District 65 Program and Policy Committee Reviews Draft Strategic Plan

Ilana Arougheti / Daily Senior Employee

The Joseph E. Hill Education Center. The program and policy committee discussed updates to the District 65 strategic plan during a meeting Monday.

Deputy Superintendent LaTarsha Green offered updates on the new Evanston/Skokie 65 School District draft strategic plan at Monday’s Curriculum and Policy Committee meeting.

Green said the strategic plan focuses on five main goals: implementing equity practices, providing access to high-quality, culturally relevant curricula, recruiting and training effective staff, allocating resources for long-term stability and develop a system to assess goal progress.

“You want us to use clear and simple explanations and keep you informed as partners,” Green told the committee. “That’s our attempt with the (strategic) draft plan: more intentional measurement and simple transparent reporting of progress.”

A strategic plan typically underpins district goals for several years. But the current District 65 plan, last updated in 2015, was only supposed to last until 2020. Green said the plan was temporarily extended and supplemented by a district improvement plan called the MIRACLES framework.

MIRACLES emphasizes equity, learning environments, staff retention, instructional strength, and target-oriented goal setting. Green said MIRACLES is essentially a mechanism to enact the strategic plan.

Superintendent Devon Horton said unified goals help ensure school leaders can act in a cohesive manner.

“We’ve chosen a new principal (at Oakton Elementary School),” Horton said. “Because we have this frame set – the six systems, the MIRACLES room, the school work plans – he was able to come in and really fit in and speak the same language.”

Green said the team conducted district-wide surveys and interviews with board members, parents and students to identify community priorities. The team quantified the number of times terms like ‘change’ and ‘equity’ came up in conversations with each group.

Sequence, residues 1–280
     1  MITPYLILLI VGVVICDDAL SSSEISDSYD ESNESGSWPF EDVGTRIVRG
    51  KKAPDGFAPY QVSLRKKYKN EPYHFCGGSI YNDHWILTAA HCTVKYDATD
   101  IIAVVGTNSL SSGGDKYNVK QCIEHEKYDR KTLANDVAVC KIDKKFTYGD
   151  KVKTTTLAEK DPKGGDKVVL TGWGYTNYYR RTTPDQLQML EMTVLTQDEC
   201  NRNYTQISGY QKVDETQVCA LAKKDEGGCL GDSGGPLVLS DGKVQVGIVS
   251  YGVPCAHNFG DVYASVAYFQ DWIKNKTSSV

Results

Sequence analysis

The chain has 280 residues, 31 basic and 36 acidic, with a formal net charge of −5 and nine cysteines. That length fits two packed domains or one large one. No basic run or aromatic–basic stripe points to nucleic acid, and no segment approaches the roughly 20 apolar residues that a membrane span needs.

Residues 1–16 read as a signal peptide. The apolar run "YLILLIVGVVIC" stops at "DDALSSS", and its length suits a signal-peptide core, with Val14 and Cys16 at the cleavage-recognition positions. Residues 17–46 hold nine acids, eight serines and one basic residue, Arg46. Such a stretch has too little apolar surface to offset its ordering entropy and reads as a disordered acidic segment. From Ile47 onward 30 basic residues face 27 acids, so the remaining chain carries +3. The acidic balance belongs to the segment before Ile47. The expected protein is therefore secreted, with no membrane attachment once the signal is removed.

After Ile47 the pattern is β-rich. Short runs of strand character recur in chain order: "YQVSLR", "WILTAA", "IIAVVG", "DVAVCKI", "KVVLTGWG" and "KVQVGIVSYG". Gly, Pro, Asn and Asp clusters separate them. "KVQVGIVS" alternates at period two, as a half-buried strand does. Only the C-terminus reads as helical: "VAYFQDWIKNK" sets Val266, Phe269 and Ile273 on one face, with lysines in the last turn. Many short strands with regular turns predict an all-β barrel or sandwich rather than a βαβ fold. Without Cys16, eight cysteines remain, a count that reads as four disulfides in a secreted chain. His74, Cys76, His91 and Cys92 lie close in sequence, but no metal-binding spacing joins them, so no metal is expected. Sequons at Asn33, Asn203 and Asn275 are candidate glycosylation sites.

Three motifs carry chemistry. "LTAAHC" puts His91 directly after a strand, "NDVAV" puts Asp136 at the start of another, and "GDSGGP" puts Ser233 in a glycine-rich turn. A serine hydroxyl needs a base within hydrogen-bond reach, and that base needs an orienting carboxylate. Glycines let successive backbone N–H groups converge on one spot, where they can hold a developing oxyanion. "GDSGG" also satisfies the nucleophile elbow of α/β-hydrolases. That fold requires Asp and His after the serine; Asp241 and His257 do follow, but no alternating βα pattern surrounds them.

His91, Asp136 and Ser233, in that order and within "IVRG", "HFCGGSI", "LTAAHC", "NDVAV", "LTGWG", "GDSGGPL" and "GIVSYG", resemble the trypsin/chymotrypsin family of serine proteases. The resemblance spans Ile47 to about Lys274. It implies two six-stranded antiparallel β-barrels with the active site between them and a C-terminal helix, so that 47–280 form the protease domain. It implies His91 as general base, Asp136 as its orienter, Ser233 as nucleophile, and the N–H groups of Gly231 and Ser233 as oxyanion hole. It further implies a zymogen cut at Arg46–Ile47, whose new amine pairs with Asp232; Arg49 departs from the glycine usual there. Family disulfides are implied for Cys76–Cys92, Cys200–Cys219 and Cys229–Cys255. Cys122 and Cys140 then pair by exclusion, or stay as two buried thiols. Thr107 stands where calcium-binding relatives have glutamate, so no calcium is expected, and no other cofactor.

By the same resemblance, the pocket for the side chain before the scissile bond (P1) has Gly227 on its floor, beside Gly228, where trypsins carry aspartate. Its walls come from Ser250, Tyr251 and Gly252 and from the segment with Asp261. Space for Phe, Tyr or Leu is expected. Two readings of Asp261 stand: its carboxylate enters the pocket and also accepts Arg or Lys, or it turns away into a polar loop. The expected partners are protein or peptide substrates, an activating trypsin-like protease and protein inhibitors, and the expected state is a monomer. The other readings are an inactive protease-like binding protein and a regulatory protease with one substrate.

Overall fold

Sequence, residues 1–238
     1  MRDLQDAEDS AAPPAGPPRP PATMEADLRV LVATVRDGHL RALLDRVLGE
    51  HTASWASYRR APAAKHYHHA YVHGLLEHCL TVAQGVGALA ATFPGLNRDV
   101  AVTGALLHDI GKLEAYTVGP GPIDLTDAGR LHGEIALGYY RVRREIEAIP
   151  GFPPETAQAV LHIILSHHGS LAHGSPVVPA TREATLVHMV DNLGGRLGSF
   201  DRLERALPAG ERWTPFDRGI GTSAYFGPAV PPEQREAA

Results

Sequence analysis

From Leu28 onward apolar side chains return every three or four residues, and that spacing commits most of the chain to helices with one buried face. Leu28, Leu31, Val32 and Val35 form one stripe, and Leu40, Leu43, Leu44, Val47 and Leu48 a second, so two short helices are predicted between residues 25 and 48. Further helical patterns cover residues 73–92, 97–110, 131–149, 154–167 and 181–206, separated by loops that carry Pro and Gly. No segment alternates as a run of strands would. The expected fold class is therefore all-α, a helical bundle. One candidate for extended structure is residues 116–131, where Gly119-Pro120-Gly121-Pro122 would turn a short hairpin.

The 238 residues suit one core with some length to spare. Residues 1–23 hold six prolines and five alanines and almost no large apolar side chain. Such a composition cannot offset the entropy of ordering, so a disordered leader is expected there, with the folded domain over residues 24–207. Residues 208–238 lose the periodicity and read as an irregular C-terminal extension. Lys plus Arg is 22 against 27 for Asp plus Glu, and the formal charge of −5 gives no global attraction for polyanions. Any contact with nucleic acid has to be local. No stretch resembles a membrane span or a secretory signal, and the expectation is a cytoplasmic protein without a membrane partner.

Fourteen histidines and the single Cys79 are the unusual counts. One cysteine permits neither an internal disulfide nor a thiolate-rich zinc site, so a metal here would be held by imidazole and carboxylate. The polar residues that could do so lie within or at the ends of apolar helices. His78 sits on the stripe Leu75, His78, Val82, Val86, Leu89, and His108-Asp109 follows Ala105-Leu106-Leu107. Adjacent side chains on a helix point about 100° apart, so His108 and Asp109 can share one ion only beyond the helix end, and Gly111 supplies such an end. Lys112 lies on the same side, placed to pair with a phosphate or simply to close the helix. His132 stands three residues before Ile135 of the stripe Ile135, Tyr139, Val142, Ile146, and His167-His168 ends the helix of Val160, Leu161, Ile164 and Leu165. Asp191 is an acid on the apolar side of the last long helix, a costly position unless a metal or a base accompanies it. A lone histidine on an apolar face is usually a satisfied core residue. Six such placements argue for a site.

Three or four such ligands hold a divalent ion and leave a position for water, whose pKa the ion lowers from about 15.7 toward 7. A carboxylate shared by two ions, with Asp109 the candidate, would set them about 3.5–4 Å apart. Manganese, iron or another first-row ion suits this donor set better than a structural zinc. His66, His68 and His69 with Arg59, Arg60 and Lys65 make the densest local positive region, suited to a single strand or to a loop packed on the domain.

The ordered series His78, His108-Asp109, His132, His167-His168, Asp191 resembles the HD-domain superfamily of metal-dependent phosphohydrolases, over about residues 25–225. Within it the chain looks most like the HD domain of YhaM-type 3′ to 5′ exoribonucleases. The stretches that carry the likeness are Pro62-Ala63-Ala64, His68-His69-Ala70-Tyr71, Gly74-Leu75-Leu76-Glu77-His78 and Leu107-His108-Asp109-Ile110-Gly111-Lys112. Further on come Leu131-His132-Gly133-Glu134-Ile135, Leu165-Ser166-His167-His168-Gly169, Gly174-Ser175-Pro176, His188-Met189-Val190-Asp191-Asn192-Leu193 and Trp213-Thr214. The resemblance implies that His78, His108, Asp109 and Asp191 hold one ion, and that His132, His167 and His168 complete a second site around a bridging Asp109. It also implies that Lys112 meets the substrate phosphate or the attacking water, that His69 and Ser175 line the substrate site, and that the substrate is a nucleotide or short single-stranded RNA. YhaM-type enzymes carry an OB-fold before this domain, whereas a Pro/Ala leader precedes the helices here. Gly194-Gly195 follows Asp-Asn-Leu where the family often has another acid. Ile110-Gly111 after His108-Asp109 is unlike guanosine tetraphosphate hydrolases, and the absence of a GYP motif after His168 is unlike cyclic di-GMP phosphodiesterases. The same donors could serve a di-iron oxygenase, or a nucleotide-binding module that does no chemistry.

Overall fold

Green said she focused on developing a data-aligned plan. The team aims to keep tabs on key updates and actions to ensure progress with a monitoring plan, she said. One of his goals is to update the website to show progress towards each goal.

“Our goal is to be able to identify … what’s going on,” she said. “There should be key updates and key actions that trigger that needle to move so you can see where that progress is happening.”

Elisabeth “Biz” Lindsay-Ryan, member of the Board of Education, expressed concern about the communication of the strategic plan.

“If we were to ask 10 directors and managers about the (strategic plan), how many would they be able to understand and articulate?” she says. “We’re trying to make sure everyone understands (the plan) at the level they need.”

Despite the long timeline, the strategic plan is the blueprint for foundational structures for creating supportive school environments, Green said.

Anya Tanyavutti, who sits on the school board, noted that the strategic plan can help community members see themselves as one district.

“It makes our expectations consistent…but also what families can expect from us,” Tanyavutti said. “There is a common culture, culture and experience as District 65.”

Green said community members can share their feedback through informal polls during a May 17 town hall. The board will vote on the strategic plan on May 23.

E-mail: [email protected]

Twitter: @avivabechky

E-mail: [email protected]

Twitter: @jessicama2025

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